Spain, like many other countries, has an ageing population.
Spain’s highly contentious new state pension reforms have now come into effect. The modifications restrict how much payouts can rise and introduce annual increases to the statutory retirement age.
From the 1st January 2014, pensions increases are no longer pegged with inflation. From now on, they will rise by a minimum of 0.25 per cent each year and will only go up further than this if the country’s social security system is in a surplus situation. The increments will be capped at 0.5 per cent above the rate of inflation.
On this basis, it is widely expected that this year pensions will rise by the fixed minimum - 0.25 per cent - owing to the state’s delicate financial situation. This means that should 2014 end with inflation at one per cent, as the government forecasts, Spain’s nine million retirees in receipt of the state pension will find that their spending power will fall by 0.75 per cent. Reversely, should it remain at 0.2 per cent, they will gain 0.05 per cent in real terms.
From 2019 onwards state pensions are to be calculated using a so-called ‘sustainability formula’ that ties payouts with life expectancy, resulting in pensions payments falling as life expectancy increases.
In 2027 the pensionable age will be increased to 67 and will then subsequently increase progressively every year. The idea is that people will have contributed for a minimum of 25 years before drawing a state pension.
The government says that these measures will ensure the strained pension system’s financial viability for generations to come. It claims that “action is needed” because of a fundamental shift in demographics - namely that Spain, like many other Western countries including the UK and Holland, has an ageing population.
Research by the University of Navarra’s IESE Business School reveals that in 2010 there were 3.6 potential paying contributors to every pensioner. Should the current trend continue as it is now, the ratio will plummet to 2.5 by 2030 and 1.6 by 2050.
“To continue to fund its pensions, Spain will need 26.5 million immigrants over the next 40 years, or roughly 665,000 per year. But only 70,000 immigrants arrived in 2010,” reads the report.
In its recent assessment on the reforms, Fedea, the Foundation for the Study of Applied Economics, a Madrid-based think tank, broadly welcomed the changes as “the sustainability of the system is guaranteed”. However, it also concluded that governments in the future are likely to have to take steps to prevent living standards from falling amongst retirees as a result of the changes.
Similar conclusions have also been reached by the Organisation for Economic Cooperation and Development (OECD), the influential international economic organisation founded in 1961 to stimulate economic progress and global trade agreements. In its report the OECD wrote that the new system “increases the uncertainty for future retirees regarding their pension entitlements” and called for “careful monitoring of pensioner poverty.”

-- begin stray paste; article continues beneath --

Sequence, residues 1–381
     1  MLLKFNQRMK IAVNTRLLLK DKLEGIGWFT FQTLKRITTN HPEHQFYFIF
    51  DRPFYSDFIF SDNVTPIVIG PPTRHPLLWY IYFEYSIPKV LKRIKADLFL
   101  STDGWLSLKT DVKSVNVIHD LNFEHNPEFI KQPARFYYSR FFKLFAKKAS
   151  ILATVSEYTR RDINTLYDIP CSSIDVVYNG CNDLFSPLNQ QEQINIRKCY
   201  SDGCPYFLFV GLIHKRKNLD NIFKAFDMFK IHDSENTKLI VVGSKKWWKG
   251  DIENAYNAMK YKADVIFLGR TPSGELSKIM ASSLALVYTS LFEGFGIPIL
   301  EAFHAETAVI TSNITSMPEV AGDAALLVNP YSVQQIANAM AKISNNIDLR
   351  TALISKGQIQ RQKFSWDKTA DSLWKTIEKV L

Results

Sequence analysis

It did also stress, however, that the state pension in Spain is one of the developed world’s most generous. The average Spanish pensioner receives 74 per cent of his or her pre-retirement salary, compared to the OECD area (consisting of 34 countries) average of 55 per cent.
Spain’s pension reforms that came into force on New Year’s Day are a major component of Mariano Rajoy’s centre-right government’s wider structural reforms, demanded by the European authorities, which have included a radical shake-up of the labour market and come ahead of the scheduled overhaul of the country’s tax system later this year.
The latest changes to the state pension system have been met with fury by many of the foreign residents who draw, or who will do so in the near future, a pension in Spain. One reader of this newspaper who declined to be named says: “They keep moving the goalposts. I’m going to start claiming now before the money runs out more than it already has done.”
Another, San Roque resident Kathy Torres, comments: “Making millions of pensioners, who are forming a larger and larger proportion of the population, poorer over time, is not the answer. These people’s acquisition power should, if anything, be increased in order to help the wider economy, especially when youth unemployment is so high.”
Whilst Dennis Smythe, who lives in Benalmádena, adds: “Many pensioners in Spain, as far as I can see, are already living on or below the poverty line - for many reasons including that they are having to support children and grandchildren financially because of the crisis. Capping pensions will exacerbate the problem.
“If you limit and cut back on pensions when the number of pensioners is rising you will push more and more into poverty.”